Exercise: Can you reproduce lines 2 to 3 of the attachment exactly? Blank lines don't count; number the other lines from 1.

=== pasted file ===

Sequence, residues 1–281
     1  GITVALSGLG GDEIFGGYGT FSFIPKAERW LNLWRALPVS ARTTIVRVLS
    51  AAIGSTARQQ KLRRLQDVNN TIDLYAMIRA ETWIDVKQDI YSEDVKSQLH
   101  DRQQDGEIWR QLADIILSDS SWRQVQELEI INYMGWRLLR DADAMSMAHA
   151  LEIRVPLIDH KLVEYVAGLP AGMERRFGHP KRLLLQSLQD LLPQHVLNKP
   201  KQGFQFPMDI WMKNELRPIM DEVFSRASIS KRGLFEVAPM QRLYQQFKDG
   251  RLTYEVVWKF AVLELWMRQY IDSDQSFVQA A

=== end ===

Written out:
     1  GITVALSGLG GDEIFGGYGT FSFIPKAERW LNLWRALPVS ARTTIVRVLS
    51  AAIGSTARQQ KLRRLQDVNN TIDLYAMIRA ETWIDVKQDI YSEDVKSQLH